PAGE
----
Government rejects Liverpool City Council licensing scheme
The Secretary of State for Housing, Robert Jenrick MP, has rejected Liverpool City Council’s application to renew its city-wide landlord licensing scheme for another five years.
The selective licensing scheme, which was introduced in 2015 and expires on 31 March this year, covers all privately rented properties in Liverpool which are not covered by HMO licensing.
Any selective licensing schemes which would affect more than 20 percent of either the local authority’s geographic area or of the privately rented homes in area are subject to approval by the Secretary of State. The local authority needs to show evidence that the grounds for the application are met.
The NLA has long argued that Liverpool’s blanket approach to licensing penalises landlords who comply with the law, without a proportionate impact in prosecuting criminal landlords. We have advocated for a more targeted approach.
Over the five years that the previous scheme has been operating, the council has issued more than 2,500 legal and fixed penalty notices and prosecuted almost 250 landlords. It’s estimated there are more than 55,000 privately rented properties in the city.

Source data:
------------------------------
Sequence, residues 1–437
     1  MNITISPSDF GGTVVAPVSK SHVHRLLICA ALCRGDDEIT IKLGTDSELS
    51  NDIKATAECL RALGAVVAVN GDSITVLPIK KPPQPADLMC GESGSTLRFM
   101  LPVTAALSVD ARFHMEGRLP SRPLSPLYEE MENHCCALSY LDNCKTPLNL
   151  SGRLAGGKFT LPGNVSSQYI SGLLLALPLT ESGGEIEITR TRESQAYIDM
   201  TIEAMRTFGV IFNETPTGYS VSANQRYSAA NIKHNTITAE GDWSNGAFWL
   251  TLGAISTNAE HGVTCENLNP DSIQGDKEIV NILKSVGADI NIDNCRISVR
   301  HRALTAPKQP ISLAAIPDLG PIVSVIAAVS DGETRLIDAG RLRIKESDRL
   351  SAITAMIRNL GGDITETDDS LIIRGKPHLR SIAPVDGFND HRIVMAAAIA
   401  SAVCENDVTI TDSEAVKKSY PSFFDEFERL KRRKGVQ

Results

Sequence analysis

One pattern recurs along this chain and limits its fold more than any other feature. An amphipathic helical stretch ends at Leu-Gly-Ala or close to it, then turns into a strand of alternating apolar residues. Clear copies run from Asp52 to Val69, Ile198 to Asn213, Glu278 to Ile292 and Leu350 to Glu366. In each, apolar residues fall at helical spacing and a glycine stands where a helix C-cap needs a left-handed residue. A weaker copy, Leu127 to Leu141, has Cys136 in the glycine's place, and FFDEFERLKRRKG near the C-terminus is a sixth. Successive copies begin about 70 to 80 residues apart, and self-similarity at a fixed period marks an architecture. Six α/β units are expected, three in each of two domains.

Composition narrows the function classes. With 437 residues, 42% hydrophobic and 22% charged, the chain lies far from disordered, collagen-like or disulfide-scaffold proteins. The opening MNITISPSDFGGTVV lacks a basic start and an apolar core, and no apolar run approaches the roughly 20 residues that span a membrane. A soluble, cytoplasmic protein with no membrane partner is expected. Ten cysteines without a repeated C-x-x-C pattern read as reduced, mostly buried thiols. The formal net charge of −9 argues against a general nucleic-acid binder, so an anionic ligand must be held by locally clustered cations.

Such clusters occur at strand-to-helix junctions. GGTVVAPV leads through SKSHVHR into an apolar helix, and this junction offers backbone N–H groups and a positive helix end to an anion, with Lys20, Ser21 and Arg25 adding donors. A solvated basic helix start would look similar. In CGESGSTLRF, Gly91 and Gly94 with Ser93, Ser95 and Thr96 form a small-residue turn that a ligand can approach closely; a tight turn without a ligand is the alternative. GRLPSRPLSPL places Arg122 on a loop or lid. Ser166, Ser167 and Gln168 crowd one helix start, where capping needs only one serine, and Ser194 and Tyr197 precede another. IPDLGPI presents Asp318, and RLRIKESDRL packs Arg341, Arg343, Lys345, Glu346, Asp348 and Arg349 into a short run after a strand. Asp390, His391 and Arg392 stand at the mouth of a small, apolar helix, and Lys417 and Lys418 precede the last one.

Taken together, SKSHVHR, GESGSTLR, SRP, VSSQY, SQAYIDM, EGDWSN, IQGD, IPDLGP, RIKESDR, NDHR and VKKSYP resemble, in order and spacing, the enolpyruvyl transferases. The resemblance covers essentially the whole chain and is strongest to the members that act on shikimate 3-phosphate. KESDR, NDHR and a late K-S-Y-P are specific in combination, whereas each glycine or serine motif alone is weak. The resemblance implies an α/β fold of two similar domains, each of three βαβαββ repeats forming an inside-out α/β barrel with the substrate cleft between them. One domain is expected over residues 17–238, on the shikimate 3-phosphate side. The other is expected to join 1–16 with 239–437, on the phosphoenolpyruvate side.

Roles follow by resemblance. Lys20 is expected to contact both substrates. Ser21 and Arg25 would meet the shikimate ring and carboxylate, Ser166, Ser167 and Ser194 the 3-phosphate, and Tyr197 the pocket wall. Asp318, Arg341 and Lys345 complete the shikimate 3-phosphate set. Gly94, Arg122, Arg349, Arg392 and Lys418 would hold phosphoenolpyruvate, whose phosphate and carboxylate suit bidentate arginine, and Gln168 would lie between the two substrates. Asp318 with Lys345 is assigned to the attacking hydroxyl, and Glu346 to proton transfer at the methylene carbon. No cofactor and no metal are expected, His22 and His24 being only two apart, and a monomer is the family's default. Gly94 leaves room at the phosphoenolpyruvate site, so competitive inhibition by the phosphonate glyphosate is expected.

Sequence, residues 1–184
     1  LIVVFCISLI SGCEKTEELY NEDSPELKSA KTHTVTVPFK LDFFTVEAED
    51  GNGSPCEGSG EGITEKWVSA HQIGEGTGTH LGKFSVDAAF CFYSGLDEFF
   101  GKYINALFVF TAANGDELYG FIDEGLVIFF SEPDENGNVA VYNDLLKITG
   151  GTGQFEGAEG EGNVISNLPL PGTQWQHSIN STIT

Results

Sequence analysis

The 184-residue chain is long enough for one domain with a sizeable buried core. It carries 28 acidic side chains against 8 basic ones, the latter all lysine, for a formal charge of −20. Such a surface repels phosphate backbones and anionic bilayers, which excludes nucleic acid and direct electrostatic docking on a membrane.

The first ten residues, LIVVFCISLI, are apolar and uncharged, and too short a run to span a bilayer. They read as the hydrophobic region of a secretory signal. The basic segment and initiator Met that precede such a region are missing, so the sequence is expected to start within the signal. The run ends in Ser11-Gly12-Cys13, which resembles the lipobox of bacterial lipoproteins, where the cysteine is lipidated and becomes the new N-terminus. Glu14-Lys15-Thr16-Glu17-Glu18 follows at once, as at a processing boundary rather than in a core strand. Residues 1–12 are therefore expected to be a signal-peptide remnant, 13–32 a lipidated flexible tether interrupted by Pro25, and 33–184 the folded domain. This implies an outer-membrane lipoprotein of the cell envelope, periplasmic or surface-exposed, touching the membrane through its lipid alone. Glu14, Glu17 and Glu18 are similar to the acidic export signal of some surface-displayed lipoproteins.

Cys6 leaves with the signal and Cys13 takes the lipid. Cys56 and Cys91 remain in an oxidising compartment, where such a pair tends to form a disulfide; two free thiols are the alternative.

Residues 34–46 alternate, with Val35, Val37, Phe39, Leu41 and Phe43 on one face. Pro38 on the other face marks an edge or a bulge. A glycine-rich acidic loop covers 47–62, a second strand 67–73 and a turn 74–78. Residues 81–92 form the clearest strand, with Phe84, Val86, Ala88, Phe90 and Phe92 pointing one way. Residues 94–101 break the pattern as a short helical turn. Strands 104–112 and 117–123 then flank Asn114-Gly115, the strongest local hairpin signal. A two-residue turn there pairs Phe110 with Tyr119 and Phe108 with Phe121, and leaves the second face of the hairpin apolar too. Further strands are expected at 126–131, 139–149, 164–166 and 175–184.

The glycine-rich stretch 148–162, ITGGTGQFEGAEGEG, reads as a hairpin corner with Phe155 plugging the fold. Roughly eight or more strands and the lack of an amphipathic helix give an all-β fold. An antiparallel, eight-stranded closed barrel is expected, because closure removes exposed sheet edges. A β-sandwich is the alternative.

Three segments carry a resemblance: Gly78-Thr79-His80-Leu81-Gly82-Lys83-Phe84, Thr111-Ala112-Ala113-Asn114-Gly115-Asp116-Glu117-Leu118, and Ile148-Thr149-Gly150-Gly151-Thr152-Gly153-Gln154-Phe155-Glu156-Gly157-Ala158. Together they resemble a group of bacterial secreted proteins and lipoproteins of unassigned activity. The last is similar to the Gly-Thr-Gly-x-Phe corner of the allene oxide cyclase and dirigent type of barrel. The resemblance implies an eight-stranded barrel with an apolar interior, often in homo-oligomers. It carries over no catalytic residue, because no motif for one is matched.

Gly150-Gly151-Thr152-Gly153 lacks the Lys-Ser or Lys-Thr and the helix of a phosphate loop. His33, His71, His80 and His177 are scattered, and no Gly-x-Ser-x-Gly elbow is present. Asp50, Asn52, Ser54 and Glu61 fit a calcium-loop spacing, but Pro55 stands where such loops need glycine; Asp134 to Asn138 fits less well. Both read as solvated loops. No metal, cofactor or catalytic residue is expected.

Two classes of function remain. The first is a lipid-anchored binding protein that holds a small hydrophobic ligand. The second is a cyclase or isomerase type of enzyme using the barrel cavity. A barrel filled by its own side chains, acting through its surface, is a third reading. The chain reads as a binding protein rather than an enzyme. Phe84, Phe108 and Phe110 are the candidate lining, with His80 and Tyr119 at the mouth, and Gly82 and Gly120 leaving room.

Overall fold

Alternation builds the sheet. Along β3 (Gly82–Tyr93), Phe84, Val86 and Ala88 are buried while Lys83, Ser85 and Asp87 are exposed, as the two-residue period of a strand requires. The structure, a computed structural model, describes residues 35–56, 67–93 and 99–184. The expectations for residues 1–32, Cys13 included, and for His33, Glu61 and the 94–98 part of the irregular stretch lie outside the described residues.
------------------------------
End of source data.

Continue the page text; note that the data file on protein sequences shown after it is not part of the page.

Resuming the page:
It was reported that the Government said that Liverpool City Council’s application ‘did not demonstrate robust evidence to support the existence of low housing demand across the whole city’ – which the Council contests.
Liverpool’s Mayor, Joe Anderson, has indicated that the City will be challenging the Government’s decision. He wrote in a comment piece for Inside Housing:
“We’re not taking this lying down: we have asked for detailed clarification on the reasons for the rejection of the application to renew the scheme, and the evidence that they relied on.
“If necessary we will take the issue to judicial review – because landlord licensing is not just about raising housing standards to help combat the issues of low demand, it is about protecting and saving lives.”